Friday, November 11, 2005

Global warming as seen from fossils

Global warming dramatically changed ancient forests

The findings, which appear in this week's issue of the journal Science, provide the first evidence that land plants changed drastically during a period of sudden global warming 55 million years ago, said Jonathan Bloch, a University of Florida vertebrate paleontologist and member of the research team.

Tiny horse predecessors of the Eocene, as seen in BBC's Walking with Beast

GAINESVILLE, Fla. --- Palmettos in Pennsylvania? Magnolias in Minnesota? The migration of subtropical plants to northern climates may not be too far-fetched if future global warming patterns mirror a monumental shift that took place in the past, new research by an international team of scientists suggests.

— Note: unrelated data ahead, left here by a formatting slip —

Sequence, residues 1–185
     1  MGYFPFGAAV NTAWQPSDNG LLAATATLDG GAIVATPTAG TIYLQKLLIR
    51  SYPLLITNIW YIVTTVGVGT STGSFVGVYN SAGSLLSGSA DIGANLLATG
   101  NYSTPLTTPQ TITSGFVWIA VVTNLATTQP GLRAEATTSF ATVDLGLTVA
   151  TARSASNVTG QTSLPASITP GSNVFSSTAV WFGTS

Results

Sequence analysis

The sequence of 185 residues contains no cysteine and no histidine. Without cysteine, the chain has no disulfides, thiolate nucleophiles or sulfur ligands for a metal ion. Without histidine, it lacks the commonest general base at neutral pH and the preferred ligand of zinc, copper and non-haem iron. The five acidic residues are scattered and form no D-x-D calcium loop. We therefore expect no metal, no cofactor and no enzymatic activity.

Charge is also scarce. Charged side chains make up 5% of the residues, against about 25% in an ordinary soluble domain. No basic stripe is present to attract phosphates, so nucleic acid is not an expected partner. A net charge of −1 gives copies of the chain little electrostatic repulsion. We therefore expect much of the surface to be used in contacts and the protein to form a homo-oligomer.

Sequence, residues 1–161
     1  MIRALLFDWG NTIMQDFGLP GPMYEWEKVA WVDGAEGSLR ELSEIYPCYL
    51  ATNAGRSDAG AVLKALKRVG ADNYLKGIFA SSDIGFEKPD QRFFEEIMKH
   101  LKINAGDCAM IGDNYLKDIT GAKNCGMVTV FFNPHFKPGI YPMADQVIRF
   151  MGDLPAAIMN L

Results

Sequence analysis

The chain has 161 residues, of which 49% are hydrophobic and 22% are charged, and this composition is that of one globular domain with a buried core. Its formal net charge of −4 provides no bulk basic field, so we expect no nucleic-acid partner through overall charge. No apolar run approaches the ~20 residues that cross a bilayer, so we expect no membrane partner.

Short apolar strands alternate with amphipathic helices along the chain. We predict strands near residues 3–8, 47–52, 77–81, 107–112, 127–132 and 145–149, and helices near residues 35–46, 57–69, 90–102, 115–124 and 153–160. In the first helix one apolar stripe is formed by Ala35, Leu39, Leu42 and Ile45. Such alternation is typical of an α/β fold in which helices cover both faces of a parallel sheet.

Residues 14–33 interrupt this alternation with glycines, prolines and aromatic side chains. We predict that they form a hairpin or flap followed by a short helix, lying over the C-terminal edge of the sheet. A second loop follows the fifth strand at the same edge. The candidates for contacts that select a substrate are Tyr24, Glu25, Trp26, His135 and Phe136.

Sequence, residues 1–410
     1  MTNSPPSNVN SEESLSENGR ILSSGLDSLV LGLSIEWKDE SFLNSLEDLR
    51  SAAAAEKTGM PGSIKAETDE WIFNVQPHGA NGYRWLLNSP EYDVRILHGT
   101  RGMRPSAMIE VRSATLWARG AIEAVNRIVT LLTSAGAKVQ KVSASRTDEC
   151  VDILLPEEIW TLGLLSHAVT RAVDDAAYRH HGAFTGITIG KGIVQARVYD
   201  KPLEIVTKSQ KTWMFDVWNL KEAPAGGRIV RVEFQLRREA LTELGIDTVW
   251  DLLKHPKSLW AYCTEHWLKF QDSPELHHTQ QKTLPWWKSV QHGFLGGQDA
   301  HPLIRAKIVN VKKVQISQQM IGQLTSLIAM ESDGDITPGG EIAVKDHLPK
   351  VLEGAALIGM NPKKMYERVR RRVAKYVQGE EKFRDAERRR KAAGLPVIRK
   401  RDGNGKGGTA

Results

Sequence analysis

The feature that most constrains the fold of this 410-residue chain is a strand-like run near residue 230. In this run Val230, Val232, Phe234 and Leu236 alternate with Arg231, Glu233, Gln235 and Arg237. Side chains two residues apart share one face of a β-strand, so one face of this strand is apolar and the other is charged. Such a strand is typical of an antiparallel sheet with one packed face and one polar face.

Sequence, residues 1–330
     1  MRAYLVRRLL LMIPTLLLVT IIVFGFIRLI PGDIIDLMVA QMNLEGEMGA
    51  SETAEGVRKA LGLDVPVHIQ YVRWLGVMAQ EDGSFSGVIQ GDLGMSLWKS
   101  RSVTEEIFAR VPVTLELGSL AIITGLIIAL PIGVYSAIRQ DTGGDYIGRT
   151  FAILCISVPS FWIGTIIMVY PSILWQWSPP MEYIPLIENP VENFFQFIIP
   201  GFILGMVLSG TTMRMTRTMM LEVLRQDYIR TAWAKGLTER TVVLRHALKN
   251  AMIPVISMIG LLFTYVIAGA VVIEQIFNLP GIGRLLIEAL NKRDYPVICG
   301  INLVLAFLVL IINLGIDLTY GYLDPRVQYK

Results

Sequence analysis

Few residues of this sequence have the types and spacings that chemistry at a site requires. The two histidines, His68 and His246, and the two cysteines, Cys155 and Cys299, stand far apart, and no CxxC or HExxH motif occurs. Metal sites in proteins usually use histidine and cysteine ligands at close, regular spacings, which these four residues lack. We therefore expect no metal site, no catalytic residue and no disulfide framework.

An artist's illustration of the Eocene at the Denver Museum of Nature and Science. © 2002 DMNS

"It indicates that should we have a period of rapid global warming on that scale today, we might expect very dramatic changes to the biota of the planet, not just the mammals and other vertebrates, but forests also completely changing," said Bloch, who is a curator at the Florida Museum of Natural History on the UF campus.

Read the rest of the press release

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